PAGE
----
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A Remote Sensing Study of Coral Reefs; Kailua Bay, Oahu. Ebitari Isoun, Charles Fletcher, Neil Frazer, Jonathan Gradie, Scott Rowland

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Acknowledgements For shared data and field work: John Rooney, Jodi Harney, Eric Grossman, Melanie Coyne and Zoe Norcross Members of the Coastal Geology Team for moral support: Tara Miller, Dolan Eversole, Clark Sherman, Scott Calhoun, Matt Barbee, Mary Engels, Rob Mullane, Rikki Grober- Dunsmore, Chris Conger, Ole Kaven For spectral band selection and use of field targets: Eric Hochberg and Marlin Atkinson

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Acknowledgements (continued) The people at TerraSystems Inc. for friendly assistance: Pamela Elwin, Kevin Jim, and Elbert Hwang For funding and workspace: NASA, USGS- Coastal Geology Program, Sea Grant, Department of Geology and Geophysics, and SOEST For unconditional love: My Family For mystery and blessings: God

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Topical Overview n High-resolution multi-spectral imagery n Map bathymetry and percent living coral N Kailua Bay, Oahu

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Topical Overview (continued) n Passive remote sensing n Radiative transfer model Atmosphere, ocean surface, water, and ocean substrate n “Differencing” of two spectral bands

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Topical Overview (continued) n Error Assessment Depth: hydrographic survey Percent living coral: diver-obtained ground truth

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Topical Overview (continued) n Correlation of predictions to environmental and human factors n Geographic Information System (GIS) space Better reef management e.g. Maragos and Grober-Dunsmore, 1998 Basemaps for scientific studies e.g. Harney et al., 1999

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n Introduction Study Site Data Collection n Methods Data Processing Radiative Transfer Theory Depth and Bottom-type by Band Difference Applying the Model n Results Depth Predictions Percent Living Coral Predictions n ConclusionOutline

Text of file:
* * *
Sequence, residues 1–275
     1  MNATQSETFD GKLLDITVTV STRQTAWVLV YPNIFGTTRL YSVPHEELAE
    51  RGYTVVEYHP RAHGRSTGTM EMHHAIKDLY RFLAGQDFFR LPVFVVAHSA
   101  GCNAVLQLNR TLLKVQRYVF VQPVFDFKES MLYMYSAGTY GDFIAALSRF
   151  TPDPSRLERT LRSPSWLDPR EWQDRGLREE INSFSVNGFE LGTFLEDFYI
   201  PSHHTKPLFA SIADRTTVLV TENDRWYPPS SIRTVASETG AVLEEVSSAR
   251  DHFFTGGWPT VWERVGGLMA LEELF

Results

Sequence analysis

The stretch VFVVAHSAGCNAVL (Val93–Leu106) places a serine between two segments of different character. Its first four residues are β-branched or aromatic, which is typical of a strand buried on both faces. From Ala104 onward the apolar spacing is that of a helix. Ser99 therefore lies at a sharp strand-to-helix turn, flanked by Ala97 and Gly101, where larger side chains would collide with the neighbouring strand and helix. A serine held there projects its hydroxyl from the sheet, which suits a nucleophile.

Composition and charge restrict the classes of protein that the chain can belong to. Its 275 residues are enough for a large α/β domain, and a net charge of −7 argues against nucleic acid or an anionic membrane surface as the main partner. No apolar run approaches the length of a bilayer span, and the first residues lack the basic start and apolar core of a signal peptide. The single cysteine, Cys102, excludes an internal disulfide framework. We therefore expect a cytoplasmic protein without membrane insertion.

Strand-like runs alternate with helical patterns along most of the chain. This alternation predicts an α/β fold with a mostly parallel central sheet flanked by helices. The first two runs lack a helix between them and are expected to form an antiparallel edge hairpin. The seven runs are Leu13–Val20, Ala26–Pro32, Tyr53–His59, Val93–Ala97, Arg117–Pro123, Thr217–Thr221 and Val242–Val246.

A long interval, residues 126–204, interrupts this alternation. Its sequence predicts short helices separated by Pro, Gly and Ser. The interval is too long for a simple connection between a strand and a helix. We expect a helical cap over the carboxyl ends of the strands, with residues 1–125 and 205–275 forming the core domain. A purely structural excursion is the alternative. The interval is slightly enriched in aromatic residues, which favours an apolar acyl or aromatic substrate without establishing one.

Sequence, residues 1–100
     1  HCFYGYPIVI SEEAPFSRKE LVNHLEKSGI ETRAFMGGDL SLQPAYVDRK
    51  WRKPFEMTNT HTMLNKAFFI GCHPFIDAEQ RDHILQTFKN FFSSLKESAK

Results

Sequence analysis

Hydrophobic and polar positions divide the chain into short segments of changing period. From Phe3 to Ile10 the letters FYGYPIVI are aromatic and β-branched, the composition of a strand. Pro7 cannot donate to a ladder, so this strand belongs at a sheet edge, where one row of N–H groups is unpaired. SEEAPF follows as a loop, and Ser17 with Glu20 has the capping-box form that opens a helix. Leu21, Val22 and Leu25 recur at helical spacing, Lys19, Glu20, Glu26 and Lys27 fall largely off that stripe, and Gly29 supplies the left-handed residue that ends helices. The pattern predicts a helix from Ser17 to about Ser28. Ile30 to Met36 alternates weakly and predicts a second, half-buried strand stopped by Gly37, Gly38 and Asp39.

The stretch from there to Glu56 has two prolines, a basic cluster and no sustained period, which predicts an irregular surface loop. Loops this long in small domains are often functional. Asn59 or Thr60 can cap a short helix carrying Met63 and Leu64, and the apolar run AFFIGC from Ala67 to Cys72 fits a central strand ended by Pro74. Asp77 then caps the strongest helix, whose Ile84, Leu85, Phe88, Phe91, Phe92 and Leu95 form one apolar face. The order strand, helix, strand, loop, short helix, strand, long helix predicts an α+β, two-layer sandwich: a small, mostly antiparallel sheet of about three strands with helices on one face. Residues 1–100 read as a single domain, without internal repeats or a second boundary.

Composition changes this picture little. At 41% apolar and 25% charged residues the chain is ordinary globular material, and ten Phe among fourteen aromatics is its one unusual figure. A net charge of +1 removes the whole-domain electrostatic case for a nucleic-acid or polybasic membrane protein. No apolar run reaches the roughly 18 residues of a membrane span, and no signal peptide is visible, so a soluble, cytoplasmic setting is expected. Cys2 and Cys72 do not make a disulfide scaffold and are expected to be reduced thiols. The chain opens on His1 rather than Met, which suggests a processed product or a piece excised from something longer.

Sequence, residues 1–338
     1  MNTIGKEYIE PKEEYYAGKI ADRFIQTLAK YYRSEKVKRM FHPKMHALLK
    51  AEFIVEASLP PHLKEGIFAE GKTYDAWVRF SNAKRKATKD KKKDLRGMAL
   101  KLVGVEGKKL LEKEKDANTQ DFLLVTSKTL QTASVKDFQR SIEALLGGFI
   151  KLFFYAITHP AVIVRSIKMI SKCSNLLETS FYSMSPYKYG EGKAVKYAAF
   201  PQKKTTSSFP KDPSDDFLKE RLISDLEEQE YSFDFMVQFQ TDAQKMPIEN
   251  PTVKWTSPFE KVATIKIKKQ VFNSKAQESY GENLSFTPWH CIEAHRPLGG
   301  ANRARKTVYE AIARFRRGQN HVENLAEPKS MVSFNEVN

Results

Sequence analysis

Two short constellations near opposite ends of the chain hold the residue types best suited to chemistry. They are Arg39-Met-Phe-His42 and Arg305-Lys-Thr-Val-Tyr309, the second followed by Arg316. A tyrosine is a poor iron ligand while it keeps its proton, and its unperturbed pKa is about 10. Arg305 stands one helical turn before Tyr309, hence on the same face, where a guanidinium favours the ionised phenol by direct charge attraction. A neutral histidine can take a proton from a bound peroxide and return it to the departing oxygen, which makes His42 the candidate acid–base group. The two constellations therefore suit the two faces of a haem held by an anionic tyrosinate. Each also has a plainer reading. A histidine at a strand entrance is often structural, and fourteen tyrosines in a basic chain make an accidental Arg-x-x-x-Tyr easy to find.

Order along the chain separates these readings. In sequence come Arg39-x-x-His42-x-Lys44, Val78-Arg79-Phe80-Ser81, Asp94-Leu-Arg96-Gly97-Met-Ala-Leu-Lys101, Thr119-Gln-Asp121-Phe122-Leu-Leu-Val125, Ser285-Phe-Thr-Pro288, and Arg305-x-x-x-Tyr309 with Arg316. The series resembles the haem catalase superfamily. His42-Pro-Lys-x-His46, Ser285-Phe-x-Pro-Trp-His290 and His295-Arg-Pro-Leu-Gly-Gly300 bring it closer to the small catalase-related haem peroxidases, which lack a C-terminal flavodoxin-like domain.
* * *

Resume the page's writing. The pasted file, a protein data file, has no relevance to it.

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Study Site Oahu Kailua Bay 0 10 km 21.5˚ 158˚ 21˚ 158˚ Hawaiian Islands Oahu N 0 100 km

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63 05 00 m E. 1015202530 63 35 00 m E. 236 95 00 m N. 90 85 80 75 236 95 00 m N. 90 85 80 75 236 70 00 m N. 63 05 00 m E. 1015202530 63 35 00 m E. 236 70 00 m N. sand channel spur and groove Sand fields karst caves and caverns Submerged beach rock plains Reef front Kailua Reef N

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Data collection n January 10, 1998 –Light winds –No rain –Minimal ocean swell –9:30 to 10:30 a.m. –20 to 30 m horizontal visibility in water –Ocean floor visible to 30 m

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Data collection (continued) n Low flying (1400 m) airplane –ThunderChicken

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Data collection (continued) n Application Specific Multi-Spectral Camera System (TerraSystems, Inc.) 8-bit precision

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Data collection (continued) n Multi-spectral images collected along a north-west to south-east transect n 60% overlap along flight path n 20% overlap across flight path N Oahu Kailua 335˚ 1 m 2 m

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Data collection (continued) An image from the 6th flight path1 pixel = 1 m 578 m 740 m 488 nm 551 nm 557 nm 10 nm full width half maximun Hochberg and Atkinson, 2000

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Outline n Introduction Study Site Data Collection n Methods Data Processing Radiative Transfer Theory Depth and Bottom-type by Band Difference Applying the Model n Results Depth Predictions Percent Living Coral Predictions n Conclusion

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Data processing n PCI Geomatics TM 1 1 2 3 2 3 1:5000 aerial photographs Coyne et al., 1998 RMS = 0.5 m N Oahu Kailua

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Radiative Transfer Theory n Irradiance: time rate of change of sunlight energy with area (W m -2 nm -1 ) n Radiance: flux per projected area per unit solid angle (W m -2 nm -1 sr -1 )

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irradiance reflectance upwelling irradiance downwelling irradiance Remote Sensing Reflectance, Mobley, 1994

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reflectance beneath the water surface wavelength reflectance of infinitely deep ocean bottom albedo (R just above the ocean bottom) water attenuation distribution function for the underwater light field depth Philpot, 1989

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Two-Flow Model Gordon, 1989 Gregg and Carder, 1991 Elterman, 1968 Burt, 1954 Mobley, 1994